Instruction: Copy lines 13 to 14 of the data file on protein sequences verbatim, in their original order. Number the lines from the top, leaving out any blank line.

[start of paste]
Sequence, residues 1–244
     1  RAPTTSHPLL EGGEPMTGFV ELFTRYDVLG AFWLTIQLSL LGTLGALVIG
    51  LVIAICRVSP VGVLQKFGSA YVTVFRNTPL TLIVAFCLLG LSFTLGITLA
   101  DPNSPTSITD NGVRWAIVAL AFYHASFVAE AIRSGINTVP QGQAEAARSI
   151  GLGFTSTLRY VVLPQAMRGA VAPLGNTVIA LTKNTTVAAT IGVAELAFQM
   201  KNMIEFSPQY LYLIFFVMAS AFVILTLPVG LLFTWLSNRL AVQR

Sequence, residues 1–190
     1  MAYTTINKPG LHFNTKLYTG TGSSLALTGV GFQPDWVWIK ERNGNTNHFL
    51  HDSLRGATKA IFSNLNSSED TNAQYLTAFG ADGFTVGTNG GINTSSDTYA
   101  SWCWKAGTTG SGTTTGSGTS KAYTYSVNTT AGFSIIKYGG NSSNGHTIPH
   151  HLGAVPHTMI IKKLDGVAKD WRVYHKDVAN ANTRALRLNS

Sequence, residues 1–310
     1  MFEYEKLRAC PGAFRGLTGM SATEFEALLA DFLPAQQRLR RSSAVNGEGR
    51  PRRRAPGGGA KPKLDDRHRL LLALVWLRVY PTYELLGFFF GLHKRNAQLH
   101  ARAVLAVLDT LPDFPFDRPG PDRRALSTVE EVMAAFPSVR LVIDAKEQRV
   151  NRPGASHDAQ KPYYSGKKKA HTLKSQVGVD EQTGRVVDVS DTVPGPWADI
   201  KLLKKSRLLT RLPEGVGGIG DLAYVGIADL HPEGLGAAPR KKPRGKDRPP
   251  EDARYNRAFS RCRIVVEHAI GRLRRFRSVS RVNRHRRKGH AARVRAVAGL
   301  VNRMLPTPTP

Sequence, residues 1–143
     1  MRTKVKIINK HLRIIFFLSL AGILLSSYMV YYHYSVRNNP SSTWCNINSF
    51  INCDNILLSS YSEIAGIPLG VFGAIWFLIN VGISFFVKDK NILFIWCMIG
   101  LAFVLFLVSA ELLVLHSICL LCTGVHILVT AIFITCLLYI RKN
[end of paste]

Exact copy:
     1  MFEYEKLRAC PGAFRGLTGM SATEFEALLA DFLPAQQRLR RSSAVNGEGR
    51  PRRRAPGGGA KPKLDDRHRL LLALVWLRVY PTYELLGFFF GLHKRNAQLH